Don Zerilli Mooradian
Donald Draper is the devil. He used hippies to sell Coke and, I suspect, would eventually be responsible for plastering diamond-studded peace symbols on expensive handbags.
It’s all in a day’s work for insane advertising people who see humans as just so many dollars to be pilfered. Draper can have his moments of regret and, even, late in his life, empathy. But come morning, it will be back to the drawing boards inventing the next new craving for hollow headed consumers.
And while today’s average citizen likely is a more savvy buyer than in the 1960s, the economy is still fueled on consumption patterns that strip the planet raw and leave wage earners chasing the materialistic hopes and products tied to their tails in a never-ending fantasy that once the tail is caught all will be well. We feel the self-inflicted pain of chomping down on that “tale” all too late.
While Mad Men was a wonderful parade of character studies, it seems to me that too many jerks were rewarded for being jerks–big, Grade A, Jerk Hall of Fame jerks. Which of these people would you actually want to work with? No thanks.
(Even given that today’s social, if not legal, rules and regs would likely have bounced most of these folks [meaning mostly the men] out onto the street, there are still many, many Drapers out there involved in interoffice and corporate shenanigans that skirt if not outright ignore laws. So the games continue.)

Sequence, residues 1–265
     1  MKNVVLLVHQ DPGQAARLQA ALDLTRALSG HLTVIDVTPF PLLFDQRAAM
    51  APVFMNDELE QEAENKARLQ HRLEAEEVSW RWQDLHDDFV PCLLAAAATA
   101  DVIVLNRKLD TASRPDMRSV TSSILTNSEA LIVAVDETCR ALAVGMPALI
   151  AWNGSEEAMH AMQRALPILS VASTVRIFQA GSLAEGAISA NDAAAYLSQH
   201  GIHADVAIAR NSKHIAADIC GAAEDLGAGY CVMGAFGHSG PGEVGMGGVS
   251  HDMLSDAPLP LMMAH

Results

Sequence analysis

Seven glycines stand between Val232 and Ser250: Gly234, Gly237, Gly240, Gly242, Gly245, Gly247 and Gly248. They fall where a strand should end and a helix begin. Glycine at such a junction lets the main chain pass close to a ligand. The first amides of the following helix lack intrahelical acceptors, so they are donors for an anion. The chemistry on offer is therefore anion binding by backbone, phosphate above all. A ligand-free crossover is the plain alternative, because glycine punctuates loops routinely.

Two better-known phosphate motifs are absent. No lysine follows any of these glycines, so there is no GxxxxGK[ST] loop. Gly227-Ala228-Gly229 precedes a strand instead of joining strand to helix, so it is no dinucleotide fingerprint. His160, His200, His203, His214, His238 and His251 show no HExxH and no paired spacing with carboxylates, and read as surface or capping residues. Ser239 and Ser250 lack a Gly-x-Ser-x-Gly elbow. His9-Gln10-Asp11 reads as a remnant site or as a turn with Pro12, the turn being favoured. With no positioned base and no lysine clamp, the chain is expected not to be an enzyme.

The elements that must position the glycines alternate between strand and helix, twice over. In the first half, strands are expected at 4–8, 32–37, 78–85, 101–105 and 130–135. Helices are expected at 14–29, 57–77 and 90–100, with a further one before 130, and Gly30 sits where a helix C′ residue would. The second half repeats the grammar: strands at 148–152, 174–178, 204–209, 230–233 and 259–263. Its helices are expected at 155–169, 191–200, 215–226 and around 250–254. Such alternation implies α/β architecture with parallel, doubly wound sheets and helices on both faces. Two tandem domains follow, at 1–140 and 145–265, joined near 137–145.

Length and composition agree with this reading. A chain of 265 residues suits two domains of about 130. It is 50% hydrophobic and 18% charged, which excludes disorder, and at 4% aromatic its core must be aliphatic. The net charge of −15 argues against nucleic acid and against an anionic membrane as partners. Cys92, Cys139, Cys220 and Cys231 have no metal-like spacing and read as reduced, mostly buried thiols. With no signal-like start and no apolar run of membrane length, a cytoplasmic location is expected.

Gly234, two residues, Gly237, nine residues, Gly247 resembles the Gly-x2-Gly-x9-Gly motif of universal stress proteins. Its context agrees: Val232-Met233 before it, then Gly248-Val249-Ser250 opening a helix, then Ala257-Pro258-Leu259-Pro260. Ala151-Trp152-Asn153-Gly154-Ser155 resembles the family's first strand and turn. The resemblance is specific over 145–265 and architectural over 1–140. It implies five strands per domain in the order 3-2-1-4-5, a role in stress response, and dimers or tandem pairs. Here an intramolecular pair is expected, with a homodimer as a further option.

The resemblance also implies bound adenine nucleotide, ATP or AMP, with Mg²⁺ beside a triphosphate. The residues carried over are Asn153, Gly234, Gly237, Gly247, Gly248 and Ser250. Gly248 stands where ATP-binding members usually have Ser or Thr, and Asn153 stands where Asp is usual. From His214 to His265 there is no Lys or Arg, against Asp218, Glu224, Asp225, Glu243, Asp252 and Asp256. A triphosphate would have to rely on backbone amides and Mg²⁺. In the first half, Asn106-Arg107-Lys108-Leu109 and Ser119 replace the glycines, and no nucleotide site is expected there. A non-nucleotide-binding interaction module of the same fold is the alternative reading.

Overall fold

To the degree that Mad Men was fun and interesting as a study in characters, it seems the initial take on Draper’s last moments on camera are along the lines of: Draper finally came to some reconciliation between Don and Dick and, oh, by the way, it would be groovy to have hippies sing about world peace and Coke. There was just enough sweet-and-sour to not disturb the show’s overall feel and character arcs.
However, I can already read and hear a growing revisionism: Draper finally “got it.” This is something I had thought would make the show worthwhile in the long run. My interest in the show was more on the meta level of how the 1960s changed the world we live in and will probably live in for a long time. Western society changed in way that separates everything after the 1960s from everything before it, (in some ways) going back thousands of years.
Really and truly, though, Draper did not get it. Most of society did not get it.
The struggle between sizzle and substance continues and will continue. The Don Drapers are still out there with their “feel good” ads and slick political campaigns. But it should not be that difficult for even the dullest among us to tell the difference between the “real thing” and a bottle of carbonated sugar water. And knowing that difference, we should act and react accordingly to those who would deceive us with pretty pictures and cute songs. Get the facts; forget the fantasy.
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